The Boiler Room’s Last Night
It felt like the longest five minutes of my life. It was my second time performing standup comedy, but my first at the appropriately-named Boiler Room. It was in the Old Town neighborhood of Portland, Oregon, surrounded by a few strip clubs, bad Chinese restaurants, and homeless shelters. A week or so earlier in November of 2007 my set at the Hungry Tiger Too went well (for a virgin set), or so I thought. This was a different kind of room, with a bar running down the center of it dividing the audience into two separate groups, neither of which were paying attention. (The word “audience” reads better than people waiting to sing karaoke.)
When your earliest sets in standup are opening for drunks singing Billy Joel songs and young women performing horrid renditions of Spice Girls songs, you’re clearly off to a roaring start. I failed for the length of my set and put the mic back in the stand, leaving the stage to one or two undeserved claps from generous people. Stepping outside to have a smoke and think about what had just happened, the host of the open mic, Kevin Michael Moore, walked out and said “keep coming back.” Nine years later, I came back for the last time.
It was the final night of The Boiler Room open mic’s 15-year run as the longest-running independent comedy open mic on the west coast. The bar is not allowed to renew its lease — the Boiler Room is open too late and doesn’t open early enough, according to the new owners. The Old Town neighborhood is rapidly becoming gentrified, with $500,000 condos and mommy & me yoga classes popping up everywhere. So comedians flew in from NYC and LA to say goodbye and watch the bar get shuttered.
The night was emotional for many in the room because it was the place where many comedians learned to fail and succeed on stage. Anybody can kill in a good room where the table is set and all you have to do is sit down for dinner, but if you can force a room to turn and listen you’re doing something right. Simply put, this was not just a place where you did an open mic, but a clubhouse for a lot of Portland comics. These kinds of rooms are special in every city and scene not because they’re good, because they’re where you are battle tested with other comics, first timers, and — if you’re lucky — friends. If the secret and key to comedy is timing, it can’t just relate to the stage. You could be fortunate in your early years in comedy and find a place with a group of peers that make you want to be a better comedian, not because you want to get on New Faces or a mention in Splitsider, but because you want to get better. The Boiler Room was that place for a lot of comedians in Portland over the past 15 years. I met a million people in this room that I can’t remember and handful I will never forget.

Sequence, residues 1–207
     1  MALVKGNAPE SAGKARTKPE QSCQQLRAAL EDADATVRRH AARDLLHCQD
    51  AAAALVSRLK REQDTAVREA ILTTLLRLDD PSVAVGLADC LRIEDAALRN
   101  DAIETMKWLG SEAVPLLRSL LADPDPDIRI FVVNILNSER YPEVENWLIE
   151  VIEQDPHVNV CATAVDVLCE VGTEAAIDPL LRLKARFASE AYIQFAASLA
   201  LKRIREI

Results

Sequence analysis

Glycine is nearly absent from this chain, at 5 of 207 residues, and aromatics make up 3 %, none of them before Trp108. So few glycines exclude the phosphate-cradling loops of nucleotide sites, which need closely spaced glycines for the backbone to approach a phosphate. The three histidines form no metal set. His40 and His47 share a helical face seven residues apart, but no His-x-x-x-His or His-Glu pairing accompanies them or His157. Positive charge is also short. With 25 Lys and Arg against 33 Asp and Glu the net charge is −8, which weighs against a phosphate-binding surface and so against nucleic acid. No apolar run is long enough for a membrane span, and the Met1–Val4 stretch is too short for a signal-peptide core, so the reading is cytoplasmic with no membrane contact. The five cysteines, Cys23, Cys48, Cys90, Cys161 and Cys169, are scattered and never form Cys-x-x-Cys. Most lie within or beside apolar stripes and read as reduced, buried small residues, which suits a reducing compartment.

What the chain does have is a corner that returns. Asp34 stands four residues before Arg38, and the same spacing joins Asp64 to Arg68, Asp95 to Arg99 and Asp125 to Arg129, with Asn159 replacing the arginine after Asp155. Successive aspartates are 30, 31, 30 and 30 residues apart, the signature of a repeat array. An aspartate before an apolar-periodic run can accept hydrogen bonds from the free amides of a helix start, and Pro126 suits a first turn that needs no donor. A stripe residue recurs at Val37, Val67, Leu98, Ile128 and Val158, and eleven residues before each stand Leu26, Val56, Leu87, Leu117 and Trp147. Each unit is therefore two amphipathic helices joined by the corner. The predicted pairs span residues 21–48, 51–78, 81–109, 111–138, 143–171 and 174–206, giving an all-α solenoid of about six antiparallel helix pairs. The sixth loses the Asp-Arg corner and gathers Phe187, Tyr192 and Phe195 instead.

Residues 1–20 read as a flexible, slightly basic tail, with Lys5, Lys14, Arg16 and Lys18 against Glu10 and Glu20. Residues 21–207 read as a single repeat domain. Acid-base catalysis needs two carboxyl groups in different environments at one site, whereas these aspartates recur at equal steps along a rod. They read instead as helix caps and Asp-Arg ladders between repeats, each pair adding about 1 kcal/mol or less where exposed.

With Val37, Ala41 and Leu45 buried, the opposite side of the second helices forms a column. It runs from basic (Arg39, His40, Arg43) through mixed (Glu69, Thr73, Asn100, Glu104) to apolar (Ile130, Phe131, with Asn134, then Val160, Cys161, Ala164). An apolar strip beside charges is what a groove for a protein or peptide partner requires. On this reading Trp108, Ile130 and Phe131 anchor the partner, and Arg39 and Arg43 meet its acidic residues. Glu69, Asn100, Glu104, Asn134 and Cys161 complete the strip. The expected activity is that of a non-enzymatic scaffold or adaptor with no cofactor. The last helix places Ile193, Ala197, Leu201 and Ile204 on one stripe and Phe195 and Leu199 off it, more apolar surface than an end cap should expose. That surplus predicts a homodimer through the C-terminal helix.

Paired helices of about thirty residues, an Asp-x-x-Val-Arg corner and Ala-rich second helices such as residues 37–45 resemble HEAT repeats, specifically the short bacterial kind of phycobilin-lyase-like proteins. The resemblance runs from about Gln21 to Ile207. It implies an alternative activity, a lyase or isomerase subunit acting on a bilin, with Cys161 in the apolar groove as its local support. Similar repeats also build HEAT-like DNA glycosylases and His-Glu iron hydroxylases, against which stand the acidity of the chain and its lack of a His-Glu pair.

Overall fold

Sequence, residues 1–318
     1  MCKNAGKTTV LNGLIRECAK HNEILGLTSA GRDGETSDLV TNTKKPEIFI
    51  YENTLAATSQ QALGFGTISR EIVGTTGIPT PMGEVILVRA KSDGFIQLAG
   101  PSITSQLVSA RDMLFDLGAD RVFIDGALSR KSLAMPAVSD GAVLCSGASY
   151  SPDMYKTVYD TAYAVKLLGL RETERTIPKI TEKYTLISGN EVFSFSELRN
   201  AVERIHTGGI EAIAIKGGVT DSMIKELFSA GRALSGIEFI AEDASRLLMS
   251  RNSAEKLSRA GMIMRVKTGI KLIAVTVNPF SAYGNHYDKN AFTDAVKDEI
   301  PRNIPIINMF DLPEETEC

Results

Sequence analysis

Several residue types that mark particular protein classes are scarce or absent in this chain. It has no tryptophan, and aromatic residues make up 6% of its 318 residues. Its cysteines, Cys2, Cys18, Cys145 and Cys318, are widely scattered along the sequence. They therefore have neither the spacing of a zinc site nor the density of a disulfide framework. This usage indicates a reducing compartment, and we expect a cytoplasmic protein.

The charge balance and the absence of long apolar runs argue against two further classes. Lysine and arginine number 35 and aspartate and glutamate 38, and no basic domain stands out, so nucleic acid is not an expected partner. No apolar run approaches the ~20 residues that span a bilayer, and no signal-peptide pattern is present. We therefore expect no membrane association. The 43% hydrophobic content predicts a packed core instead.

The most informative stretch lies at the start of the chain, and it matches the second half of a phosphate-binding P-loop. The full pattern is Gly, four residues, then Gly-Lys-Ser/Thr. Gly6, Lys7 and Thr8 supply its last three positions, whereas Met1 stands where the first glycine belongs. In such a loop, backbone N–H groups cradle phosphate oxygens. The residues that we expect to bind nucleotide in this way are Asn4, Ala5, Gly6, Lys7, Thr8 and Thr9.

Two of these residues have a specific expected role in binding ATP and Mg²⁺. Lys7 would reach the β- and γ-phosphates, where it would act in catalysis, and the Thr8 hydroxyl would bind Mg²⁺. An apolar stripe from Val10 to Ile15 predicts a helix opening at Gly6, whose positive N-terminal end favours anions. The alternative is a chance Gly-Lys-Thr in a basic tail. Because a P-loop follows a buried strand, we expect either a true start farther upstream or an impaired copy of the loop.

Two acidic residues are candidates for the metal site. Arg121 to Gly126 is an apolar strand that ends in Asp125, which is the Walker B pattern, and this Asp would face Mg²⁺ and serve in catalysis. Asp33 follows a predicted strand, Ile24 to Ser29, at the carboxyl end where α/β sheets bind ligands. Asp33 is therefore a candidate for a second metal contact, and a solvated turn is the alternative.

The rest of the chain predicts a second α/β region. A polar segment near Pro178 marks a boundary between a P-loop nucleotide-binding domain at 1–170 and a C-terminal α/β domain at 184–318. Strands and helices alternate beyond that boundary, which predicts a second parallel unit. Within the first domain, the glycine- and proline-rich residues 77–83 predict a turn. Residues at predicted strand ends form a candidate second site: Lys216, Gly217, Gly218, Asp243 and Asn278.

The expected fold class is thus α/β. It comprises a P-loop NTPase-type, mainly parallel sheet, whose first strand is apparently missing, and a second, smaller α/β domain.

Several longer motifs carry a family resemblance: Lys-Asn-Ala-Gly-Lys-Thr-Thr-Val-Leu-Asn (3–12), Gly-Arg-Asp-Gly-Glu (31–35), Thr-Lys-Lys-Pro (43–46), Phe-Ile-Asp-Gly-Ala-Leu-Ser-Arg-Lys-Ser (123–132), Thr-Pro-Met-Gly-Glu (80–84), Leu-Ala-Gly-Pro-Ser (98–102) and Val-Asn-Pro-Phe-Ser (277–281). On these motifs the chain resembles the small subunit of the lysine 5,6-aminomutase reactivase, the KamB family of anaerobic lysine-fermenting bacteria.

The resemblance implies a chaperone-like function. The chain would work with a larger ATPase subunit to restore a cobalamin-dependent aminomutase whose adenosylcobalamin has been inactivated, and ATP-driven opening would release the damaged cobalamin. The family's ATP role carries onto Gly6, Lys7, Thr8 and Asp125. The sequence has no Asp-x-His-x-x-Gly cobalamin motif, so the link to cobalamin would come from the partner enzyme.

Many of the comics took the stage at what essentially turned into a wake and talked about some kind of specific memory. Bridgetown Comedy Festival founder Andy Wood told the story about how on one of his first nights there he walked out to see a pregnant woman squirting breast milk into comedians mouths so “they could know the taste.” Another highlight was local legend and Portland favorite Don Frost fresh off a vasectomy that morning yelling and wincing about how when the building is turned into a Dutch Brothers coffee shop or whatever the fuck it happens to become he would come back and steal something from it. The night was drawing to a close and comedian after comedian was being marked off the list and the room grew heavier with emotion. The final comedian to take the stage was one of Portland’s reigning comedy champs, Bri Pruett, and comics rushed in to watch it go down. She was an actual employee of the bar and may have held the closing a bit closer to her heart than anyone else in the room that night. Rather than playing to the crowd’s desire for a sweet goodbye, she did a real set and turned the room one last time. She handed the mic back to host Kevin Michael Moore, who actually started this show on his birthday 15 years ago, and the room filled with tears and cheers.
As is tradition at The Boiler Room open mic, every comedian who performed could go on stage and get one last laugh out of the crowd in a short-form improv game of “I like my women” or “Is Like.” These are just audience suggestion-based games that typically ended up being crass ways to make a joke. This tradition started a few years into the open mic’s existence as a way to fill out the show when no one was showing up to it. Everyone was shoulder to shoulder on stage trying to get in one last joke as the show ended.
The good news is that the night does not end here — there are still a gaggle of drunks and young women who need to sing Billy Joel and the Spice Girls.
The truth of the matter is that scenes and communities change based on who participates in them and how they choose to work together in them. While change is a necessary part of growth for anything, so is letting things go. So as the drunken viking funeral that was the last night of the Boiler Room came to an end, comedians from many different eras in Portland comedy huddled over glasses of well whiskey, sharing stories about bombing in this room as if they were scars earned on a battlefield. It’s not the St. Crispin’s Day speech, but it’s funnier. The Boiler Room provided a harmony to the Portland comedy community not because it was a room where everyone killed, but because it was difficult.
Photo by Jason Traeger.